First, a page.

A poultry problem?

In dealing with avian flu, don't look to SARS for a model.

Rob Lyons

Topics Politics

There are growing fears of an influenza pandemic as avian flu sweeps through poultry stocks across Asia. Already, a dozen people have died as a result of contracting the disease by direct contact with infected birds, and there are fears of millions of deaths worldwide if the disease begins to be transmitted directly from one person to another.

While there is some basis to these fears, they are almost certainly overstated. Avian flu is a major problem for chicken producers in east Asia, but a number of important barriers mean its effect on human health is likely to be relatively small.

The worry about avian flu should be looked at in context. There has been much talk in medical circles of the near-inevitability of another ‘big one’ – a new disease which causes many thousands or millions of deaths in a very short space of time. As Professor John Oxford of Queen Mary’s School of Medicine in London wrote in The Times last year, ‘We virologists are akin to volcanologists – we sit waiting for the explosion, knowing it will come, but not being sure exactly when’ (1).

Influenza, and avian flu in particular, is a prime candidate to be the ‘big one’, having already caused a small outbreak in Hong Kong in 1997. Influenza not only contributes to thousands of deaths each year in Britain alone, but has been responsible for three major pandemics in the past 100 years, most notably the ‘Spanish Flu’ of 1918-19 which may have claimed between 20million and 40million lives. Other pandemics in 1957-58 and 1968-69 claimed many thousands more.

Unlike SARS, the cause of much anxiety last year, influenza can be highly infectious once adapted to a particular species. Avian flu is novel among humans, so there is no built-up resistance. Avian flu appears to have a high mortality rate – at least, in those cases that have been serious enough to be reported. Of 20 cases reported to the World Health Organisation (WHO) up to 5 February, 16 were fatal (2).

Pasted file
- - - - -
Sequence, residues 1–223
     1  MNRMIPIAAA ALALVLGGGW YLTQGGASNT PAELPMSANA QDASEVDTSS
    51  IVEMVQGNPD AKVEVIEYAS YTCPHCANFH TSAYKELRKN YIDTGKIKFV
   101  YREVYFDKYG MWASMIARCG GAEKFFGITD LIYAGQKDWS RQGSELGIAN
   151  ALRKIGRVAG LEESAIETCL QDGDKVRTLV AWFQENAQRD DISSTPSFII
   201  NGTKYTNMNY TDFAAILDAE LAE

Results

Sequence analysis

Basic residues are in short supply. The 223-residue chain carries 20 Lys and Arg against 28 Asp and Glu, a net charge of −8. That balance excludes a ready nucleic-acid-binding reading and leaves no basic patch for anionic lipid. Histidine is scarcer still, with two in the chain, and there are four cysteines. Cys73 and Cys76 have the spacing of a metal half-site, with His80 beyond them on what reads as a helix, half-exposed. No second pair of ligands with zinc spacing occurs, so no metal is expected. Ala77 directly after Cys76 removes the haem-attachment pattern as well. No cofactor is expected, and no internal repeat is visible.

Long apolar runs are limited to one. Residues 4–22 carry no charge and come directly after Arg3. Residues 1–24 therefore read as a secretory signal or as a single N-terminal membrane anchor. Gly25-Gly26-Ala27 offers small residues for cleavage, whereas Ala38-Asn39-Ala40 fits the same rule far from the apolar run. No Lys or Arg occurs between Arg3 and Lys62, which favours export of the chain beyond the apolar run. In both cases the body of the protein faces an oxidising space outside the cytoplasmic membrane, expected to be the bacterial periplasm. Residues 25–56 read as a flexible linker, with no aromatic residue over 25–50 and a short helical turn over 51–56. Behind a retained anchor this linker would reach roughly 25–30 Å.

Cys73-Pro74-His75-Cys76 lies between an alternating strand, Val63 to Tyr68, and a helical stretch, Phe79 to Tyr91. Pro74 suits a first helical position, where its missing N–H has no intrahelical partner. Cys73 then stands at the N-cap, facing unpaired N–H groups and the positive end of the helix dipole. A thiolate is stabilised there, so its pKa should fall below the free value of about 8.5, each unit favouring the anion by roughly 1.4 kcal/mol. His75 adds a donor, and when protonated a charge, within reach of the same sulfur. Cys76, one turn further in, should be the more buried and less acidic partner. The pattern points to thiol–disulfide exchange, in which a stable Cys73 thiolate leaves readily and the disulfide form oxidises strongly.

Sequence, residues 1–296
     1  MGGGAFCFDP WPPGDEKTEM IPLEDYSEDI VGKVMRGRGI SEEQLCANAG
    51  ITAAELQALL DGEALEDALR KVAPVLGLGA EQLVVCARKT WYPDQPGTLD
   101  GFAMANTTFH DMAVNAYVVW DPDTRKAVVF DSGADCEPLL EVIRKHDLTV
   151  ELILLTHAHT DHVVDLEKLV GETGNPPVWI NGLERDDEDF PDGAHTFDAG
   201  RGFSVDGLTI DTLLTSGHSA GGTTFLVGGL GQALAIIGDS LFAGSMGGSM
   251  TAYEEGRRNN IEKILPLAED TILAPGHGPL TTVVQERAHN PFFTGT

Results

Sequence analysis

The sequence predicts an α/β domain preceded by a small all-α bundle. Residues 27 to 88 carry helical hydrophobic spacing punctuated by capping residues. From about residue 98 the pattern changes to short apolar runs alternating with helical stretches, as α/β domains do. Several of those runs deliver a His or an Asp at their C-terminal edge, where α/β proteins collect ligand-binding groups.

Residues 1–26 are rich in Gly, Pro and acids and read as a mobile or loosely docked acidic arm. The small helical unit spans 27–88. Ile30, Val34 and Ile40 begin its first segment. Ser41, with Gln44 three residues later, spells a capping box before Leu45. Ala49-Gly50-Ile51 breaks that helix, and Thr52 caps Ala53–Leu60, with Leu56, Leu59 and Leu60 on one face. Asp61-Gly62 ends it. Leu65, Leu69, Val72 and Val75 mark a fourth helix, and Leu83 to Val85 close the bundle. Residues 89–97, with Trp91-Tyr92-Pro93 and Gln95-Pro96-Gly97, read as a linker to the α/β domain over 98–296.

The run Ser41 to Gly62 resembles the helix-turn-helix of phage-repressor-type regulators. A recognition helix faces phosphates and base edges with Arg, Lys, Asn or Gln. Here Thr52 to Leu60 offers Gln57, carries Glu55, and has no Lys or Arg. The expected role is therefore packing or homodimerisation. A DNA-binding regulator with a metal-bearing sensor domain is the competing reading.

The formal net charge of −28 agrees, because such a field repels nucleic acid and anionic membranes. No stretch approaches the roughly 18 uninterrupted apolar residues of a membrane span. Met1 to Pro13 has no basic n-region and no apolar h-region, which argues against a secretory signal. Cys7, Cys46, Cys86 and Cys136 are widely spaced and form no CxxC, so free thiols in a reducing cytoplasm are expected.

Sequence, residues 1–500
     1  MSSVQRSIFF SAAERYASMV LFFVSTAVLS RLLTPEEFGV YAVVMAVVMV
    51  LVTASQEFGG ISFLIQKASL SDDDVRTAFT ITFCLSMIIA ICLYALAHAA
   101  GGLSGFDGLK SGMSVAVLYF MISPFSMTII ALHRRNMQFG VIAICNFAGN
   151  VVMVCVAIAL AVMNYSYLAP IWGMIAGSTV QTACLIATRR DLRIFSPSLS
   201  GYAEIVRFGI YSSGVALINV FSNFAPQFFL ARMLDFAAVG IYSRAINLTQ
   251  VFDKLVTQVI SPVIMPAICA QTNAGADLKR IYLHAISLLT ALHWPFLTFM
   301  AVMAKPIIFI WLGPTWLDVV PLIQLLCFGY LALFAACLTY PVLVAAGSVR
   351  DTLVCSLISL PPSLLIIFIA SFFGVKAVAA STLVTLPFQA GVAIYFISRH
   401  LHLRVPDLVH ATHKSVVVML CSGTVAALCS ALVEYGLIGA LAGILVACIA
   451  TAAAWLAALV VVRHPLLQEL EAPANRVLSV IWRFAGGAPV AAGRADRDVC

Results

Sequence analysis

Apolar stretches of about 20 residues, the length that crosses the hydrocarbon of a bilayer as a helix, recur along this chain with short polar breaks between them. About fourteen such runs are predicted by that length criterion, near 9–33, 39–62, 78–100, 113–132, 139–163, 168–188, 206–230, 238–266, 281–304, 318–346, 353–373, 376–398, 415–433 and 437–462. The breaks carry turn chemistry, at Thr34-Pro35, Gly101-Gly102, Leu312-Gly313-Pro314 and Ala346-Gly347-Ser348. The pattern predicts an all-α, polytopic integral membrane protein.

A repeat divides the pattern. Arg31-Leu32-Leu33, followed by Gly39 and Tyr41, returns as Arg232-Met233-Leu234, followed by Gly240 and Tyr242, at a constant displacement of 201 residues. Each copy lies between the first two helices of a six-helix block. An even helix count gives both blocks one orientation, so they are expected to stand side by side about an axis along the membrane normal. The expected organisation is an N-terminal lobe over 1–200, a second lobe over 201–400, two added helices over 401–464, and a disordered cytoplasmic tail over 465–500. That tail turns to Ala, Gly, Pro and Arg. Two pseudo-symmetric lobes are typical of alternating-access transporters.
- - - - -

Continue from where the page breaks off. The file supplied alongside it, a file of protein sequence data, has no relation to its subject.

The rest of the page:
The big fear is of a new human strain of influenza emerging as more people are infected with avian flu. WHO notes that ‘If more humans become infected over time, the likelihood also increases that humans, if concurrently infected with human and avian influenza strains, could serve as the “mixing vessel” for the emergence of a novel subtype with sufficient human genes to be easily transmitted from person to person. Such an event would mark the start of an influenza pandemic’ (3).

Precautionary action is already in full swing. Millions of birds are being slaughtered in Thailand, Vietnam, China and other countries. Work is already underway on producing a vaccine.

Exports of uncooked chicken from Thailand, a major exporter, have been banned by the European Union. This move seems excessive given that the press release announcing the move notes that, ‘The EU does not import live poultry and hatching eggs from Thailand and although the risk of importing the virus in meat or meat products is probably very low the Commission wants to make sure that any possible transmission is avoided’ (4).

At present, the reaction to the disease has been relatively restrained, probably because there have been few deaths, and they have almost all been linked back to direct contact with live poultry. While there will be a substantial economic cost to farmers and the poultry industry, there have been no warnings to stay away from certain countries, only advice to avoid contact with live poultry.

However, while the scale of panic about avian flu has been limited, the underlying outlook is precaution. An editorial in The Times (London) captured the mood when it suggested that ‘[A]s SARS showed, however costly the economic consequences, it is better to err on the side of alarmism’ (5).